The flipside of this is that nobody is normal. Travel may not be an eternal fount of good experiences, but one of the best things it has to offer its participants is a realization of just how different people and their lifestyles can be. Many travelers fall in love with the different way their host culture does life.
Often when we think of a different culture, what comes to mind are the large scale and noticeable differences like language, food, dress, and art. But during my brief stay in Sevilla I realized just how deep the differences can go. Things were different, which I didn’t even realize could be different. These subtleties can be one of the more romantic aspects of travel, but often they are a source of discomfort and loneliness for the traveler. Questions arise such as: How do I order food at a restaurant? Can I say hello to someone I don’t know? Why is everyone laughing at that thing I just said? Why is that person standing so close to me? How the heck do I make friends?
Forming relationships is hard when all shared social norms, sense of humor, and cultural context aren’t there. But I would argue that that sense of discomfort–of never quite fitting in–is one of the best things that can happen to you as you travel. For one, it engenders compassion. I work in the writing center at my school, which means I get to work with lots of international students, particularly from China. While I had imagined before that they must have had some unique challenges in their studies, my capacity to empathize with their struggles has grown so much now that I have been on the other side of the culture barrier.
But there is another benefit of this uncomfortable experience, which may be one of the most important. Unfortunately, it is one I rarely hear spoken of, and that is a newfound appreciation for one’s own culture. Having a culture in itself is a beautiful thing, to have a place where you swim in the language as easily as a marlin in the ocean, where you can walk into a coffee shop and know just how and what to order, where you can make a joke and people (maybe) laugh.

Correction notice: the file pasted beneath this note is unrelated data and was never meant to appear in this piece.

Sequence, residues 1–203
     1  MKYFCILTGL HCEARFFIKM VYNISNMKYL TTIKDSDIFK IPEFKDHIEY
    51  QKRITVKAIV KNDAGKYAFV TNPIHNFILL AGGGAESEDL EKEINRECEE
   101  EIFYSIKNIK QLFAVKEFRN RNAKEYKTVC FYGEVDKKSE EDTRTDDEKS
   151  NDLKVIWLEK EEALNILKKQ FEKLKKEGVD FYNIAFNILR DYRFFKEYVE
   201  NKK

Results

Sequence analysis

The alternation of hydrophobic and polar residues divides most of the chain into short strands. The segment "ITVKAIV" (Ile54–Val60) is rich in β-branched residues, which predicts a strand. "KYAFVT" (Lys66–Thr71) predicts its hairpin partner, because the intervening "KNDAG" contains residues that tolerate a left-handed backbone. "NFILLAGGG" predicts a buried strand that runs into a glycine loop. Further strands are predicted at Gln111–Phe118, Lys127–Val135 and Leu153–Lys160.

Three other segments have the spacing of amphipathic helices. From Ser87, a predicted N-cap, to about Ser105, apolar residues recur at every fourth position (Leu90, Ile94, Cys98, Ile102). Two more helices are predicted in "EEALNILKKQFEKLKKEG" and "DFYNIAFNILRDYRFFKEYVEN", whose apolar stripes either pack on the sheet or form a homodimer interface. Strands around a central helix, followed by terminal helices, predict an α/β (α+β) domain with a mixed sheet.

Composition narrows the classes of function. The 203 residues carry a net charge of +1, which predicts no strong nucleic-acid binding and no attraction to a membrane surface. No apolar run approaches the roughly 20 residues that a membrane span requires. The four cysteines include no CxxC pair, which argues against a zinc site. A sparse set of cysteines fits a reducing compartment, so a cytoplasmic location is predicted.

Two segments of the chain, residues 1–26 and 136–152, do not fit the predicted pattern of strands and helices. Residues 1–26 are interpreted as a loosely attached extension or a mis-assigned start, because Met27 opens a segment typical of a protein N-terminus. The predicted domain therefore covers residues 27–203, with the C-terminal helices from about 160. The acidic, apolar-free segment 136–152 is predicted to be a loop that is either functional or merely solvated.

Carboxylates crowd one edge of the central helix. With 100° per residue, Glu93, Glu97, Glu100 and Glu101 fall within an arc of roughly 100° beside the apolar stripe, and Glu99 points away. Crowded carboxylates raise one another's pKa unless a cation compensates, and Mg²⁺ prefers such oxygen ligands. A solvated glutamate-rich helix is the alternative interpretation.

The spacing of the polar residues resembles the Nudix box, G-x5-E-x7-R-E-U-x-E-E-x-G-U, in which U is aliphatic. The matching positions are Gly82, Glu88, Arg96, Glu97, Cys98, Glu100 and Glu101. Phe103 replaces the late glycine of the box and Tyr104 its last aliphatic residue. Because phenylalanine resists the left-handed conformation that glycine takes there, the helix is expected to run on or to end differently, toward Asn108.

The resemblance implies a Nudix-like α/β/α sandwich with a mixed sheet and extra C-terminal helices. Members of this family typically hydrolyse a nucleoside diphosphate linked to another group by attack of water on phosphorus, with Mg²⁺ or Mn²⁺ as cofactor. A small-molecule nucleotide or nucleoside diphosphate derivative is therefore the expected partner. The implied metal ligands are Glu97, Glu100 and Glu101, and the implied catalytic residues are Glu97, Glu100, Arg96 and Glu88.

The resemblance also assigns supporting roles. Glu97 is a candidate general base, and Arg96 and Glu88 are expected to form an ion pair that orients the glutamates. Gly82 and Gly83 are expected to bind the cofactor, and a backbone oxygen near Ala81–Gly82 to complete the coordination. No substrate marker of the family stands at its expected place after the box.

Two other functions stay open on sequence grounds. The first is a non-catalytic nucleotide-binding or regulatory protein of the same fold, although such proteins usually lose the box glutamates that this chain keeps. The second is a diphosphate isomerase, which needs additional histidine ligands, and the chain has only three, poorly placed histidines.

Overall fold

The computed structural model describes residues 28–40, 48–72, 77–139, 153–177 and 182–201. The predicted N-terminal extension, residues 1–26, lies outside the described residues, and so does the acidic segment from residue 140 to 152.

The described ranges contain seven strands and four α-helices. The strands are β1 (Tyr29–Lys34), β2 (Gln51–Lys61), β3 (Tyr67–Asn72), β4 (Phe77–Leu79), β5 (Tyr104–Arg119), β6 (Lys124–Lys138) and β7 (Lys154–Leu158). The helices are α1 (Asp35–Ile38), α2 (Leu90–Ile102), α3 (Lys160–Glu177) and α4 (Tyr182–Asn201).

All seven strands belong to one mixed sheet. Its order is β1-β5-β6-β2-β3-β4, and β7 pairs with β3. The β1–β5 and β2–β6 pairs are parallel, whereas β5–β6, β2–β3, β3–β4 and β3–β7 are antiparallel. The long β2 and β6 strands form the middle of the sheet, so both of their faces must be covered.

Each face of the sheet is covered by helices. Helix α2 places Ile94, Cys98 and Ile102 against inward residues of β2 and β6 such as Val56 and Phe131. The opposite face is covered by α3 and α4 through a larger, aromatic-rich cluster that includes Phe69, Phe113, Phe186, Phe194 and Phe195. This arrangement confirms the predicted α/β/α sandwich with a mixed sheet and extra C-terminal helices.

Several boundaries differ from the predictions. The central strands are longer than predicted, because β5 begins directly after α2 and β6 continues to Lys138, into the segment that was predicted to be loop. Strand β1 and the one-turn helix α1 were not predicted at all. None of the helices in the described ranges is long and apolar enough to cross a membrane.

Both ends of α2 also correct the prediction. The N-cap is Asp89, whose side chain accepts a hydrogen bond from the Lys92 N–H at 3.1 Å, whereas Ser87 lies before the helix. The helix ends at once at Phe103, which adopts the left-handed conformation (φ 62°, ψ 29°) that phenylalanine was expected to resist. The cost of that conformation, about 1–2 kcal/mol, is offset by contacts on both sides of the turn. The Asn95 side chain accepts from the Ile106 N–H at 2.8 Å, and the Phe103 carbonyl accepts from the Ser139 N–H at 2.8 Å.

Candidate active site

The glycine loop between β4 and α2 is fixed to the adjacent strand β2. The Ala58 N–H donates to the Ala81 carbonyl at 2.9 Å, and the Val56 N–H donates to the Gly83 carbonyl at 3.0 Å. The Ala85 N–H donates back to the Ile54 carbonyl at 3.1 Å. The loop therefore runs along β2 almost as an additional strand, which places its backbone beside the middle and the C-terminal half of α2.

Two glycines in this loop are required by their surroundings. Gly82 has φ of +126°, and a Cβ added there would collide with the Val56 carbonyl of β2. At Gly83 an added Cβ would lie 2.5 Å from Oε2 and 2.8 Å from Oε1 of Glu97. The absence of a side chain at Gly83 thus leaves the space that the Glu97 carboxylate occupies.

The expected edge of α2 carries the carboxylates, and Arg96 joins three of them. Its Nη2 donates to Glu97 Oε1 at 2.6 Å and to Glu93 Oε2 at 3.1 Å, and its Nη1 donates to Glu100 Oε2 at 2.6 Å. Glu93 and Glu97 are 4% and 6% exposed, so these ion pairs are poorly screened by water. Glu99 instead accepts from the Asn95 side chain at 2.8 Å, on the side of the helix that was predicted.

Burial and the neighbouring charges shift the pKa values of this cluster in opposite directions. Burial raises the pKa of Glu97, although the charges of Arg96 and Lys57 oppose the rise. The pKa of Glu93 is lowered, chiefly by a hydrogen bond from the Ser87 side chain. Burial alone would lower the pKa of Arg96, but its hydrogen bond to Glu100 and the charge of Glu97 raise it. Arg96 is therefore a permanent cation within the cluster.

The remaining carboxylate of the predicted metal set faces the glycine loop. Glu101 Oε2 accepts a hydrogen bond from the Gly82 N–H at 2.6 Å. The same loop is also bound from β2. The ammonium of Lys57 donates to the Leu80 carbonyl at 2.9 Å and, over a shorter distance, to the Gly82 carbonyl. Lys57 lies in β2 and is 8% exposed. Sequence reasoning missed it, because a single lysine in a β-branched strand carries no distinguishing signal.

I loved Spain. I loved wandering the narrow streets behind the cathedral and arguing with Rosa about whether roasted chestnuts taste like baked potatoes (they totally do). But going to Spain also made me realize I like my home a whole lot, and I like Americans. I like a good home-cooked burger, and I think American English is a beautiful language. I love saying hello to people I pass on the street as I walk my dog and the service-with-a-smile I get at the grocery store, even if the cashier is faking it.
So by all means, go abroad. I cannot guarantee that you will enjoy it, although I sincerely hope you do. I can assure you, however, that even a miserable experience abroad will be good. Your mind will be opened to all the places and people that are outside your little corner of the world, and you may find that, despite its shortcomings, your corner of the world suits you remarkably well.